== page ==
NEC Multisync 1970GX
With an 8ms Samsung LCD panel, a glare filter, and even a USB hub, the NEC 1970GX has a lot of advantages. But the price spread between it and the L90D+, which has a similar panel, is significant. Is the NEC 1970GX worth it?
|NEC Multisync 1970 GX|
|Native resolution||1280 x 1024|
|Contrast||700 : 1|
|Viewing angles H/V||150/140|
|Connectivity||VGA, DVI, USB|
The design of the NEC 1970GX is resolutely pared-down. The edges of the bezel are very thin, which makes this an ideal candidate for dual-monitor use - provided, that is, that you can afford to shell out for two of them at more than $500 a piece. The NEC 1970GX is not for all pocketbooks. Its top-of-the-line finish is in line with what you'd expect from a monitor in this price range.
Here again, you'll get your money's worth. The NEC 1970GX is very ergonomic. As far as physical adjustments go, the only thing missing is a pivot mode. The panel is adjustable for height and tilt, with a sufficient range, and a very practical rotating base. The NEC 1970GX also has a well-designed cable management system for efficient routing of the power supply and data cables. We asked NEC about the absence of a pivot mode, and were told that it was not much of an advantage on a TN panel, which has naturally limited vertical viewing angles. To which I would respond that even with a TN panel, the pivot mode on the L90D+ is awfully practical for working on text documents.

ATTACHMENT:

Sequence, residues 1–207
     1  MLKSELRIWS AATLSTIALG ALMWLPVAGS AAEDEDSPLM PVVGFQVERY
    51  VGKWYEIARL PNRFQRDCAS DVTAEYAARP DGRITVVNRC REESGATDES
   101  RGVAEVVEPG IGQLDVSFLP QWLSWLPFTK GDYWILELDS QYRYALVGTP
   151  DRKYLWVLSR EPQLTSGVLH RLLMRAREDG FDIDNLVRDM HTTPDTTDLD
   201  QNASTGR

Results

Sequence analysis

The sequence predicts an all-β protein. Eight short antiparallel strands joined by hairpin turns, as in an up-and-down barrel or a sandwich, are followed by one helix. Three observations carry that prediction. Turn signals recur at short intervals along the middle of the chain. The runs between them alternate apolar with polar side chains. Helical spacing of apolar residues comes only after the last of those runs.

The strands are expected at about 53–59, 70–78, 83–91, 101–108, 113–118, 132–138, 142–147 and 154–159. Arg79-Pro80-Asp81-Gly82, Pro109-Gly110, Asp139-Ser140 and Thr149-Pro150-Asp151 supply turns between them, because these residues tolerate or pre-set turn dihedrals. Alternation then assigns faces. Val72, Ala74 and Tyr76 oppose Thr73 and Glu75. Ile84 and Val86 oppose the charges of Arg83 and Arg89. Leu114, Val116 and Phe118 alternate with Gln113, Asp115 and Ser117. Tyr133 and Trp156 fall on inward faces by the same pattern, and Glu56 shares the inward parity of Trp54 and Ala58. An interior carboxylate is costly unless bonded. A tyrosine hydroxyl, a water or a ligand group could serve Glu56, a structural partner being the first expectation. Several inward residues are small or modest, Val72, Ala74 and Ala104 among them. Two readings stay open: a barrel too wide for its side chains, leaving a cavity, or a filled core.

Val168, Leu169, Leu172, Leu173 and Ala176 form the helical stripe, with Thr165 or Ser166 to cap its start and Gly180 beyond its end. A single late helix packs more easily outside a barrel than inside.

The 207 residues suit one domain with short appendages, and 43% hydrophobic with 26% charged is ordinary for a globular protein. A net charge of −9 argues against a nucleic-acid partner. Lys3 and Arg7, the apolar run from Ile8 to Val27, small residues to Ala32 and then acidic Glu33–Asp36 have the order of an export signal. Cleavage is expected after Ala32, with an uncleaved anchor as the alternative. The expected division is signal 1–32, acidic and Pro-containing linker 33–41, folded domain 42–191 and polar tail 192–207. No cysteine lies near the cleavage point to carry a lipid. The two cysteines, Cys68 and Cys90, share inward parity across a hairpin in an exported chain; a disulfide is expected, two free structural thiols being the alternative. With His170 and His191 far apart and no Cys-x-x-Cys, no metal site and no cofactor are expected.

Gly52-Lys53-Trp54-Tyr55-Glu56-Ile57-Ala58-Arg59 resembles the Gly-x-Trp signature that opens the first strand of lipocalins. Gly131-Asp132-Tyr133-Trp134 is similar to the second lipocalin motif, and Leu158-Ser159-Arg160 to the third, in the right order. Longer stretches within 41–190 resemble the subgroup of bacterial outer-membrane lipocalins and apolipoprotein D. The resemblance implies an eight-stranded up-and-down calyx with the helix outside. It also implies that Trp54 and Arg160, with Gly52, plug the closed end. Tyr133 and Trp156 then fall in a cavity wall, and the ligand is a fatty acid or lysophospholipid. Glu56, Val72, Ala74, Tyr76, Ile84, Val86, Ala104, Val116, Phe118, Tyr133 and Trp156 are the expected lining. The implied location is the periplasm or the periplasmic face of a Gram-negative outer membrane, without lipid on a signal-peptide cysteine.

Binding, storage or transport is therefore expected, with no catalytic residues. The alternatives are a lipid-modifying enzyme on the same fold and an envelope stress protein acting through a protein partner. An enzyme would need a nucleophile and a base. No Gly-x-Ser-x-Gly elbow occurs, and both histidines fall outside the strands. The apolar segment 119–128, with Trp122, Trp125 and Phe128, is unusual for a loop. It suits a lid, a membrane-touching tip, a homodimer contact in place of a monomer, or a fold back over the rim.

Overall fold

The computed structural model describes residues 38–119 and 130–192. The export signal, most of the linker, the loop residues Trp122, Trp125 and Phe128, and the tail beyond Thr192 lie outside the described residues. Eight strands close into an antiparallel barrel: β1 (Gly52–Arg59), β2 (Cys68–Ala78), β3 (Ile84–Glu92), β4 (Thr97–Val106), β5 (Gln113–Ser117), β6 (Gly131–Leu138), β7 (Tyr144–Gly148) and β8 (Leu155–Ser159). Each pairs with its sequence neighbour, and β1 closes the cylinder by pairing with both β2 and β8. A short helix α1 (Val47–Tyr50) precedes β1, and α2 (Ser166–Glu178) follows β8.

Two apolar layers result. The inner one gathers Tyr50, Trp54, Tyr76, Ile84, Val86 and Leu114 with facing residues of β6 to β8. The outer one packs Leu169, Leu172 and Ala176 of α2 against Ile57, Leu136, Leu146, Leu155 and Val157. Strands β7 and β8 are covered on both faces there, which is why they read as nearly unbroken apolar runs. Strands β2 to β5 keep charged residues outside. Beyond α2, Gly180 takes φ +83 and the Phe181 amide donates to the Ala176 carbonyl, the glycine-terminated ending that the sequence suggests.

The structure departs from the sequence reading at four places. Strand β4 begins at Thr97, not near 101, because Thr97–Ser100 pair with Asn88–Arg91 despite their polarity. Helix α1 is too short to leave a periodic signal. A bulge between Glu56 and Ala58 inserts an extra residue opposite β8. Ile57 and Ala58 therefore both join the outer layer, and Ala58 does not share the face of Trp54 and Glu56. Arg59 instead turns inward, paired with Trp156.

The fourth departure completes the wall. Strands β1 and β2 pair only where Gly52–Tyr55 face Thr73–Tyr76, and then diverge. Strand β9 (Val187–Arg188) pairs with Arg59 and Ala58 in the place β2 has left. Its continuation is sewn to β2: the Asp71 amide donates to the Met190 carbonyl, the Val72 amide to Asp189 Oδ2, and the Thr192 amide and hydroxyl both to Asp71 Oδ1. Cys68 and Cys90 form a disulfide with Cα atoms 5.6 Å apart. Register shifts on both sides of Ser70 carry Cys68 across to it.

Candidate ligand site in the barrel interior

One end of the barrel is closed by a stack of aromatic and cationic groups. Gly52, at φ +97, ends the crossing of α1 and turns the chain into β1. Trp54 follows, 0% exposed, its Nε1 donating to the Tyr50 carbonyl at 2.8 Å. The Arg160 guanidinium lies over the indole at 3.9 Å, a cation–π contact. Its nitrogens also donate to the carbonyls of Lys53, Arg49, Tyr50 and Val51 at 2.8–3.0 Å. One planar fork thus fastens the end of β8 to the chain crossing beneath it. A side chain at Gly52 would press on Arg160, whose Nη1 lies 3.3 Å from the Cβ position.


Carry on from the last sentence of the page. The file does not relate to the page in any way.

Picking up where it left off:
NEC has used the same mini-joystick that was on the NEC 1770NX. Though it looks very fragile, it proved to be very practical for adjusting the monitor's settings. It's a good idea on NEC's part; navigation in the menus is simple and efficient. Kudos are in order.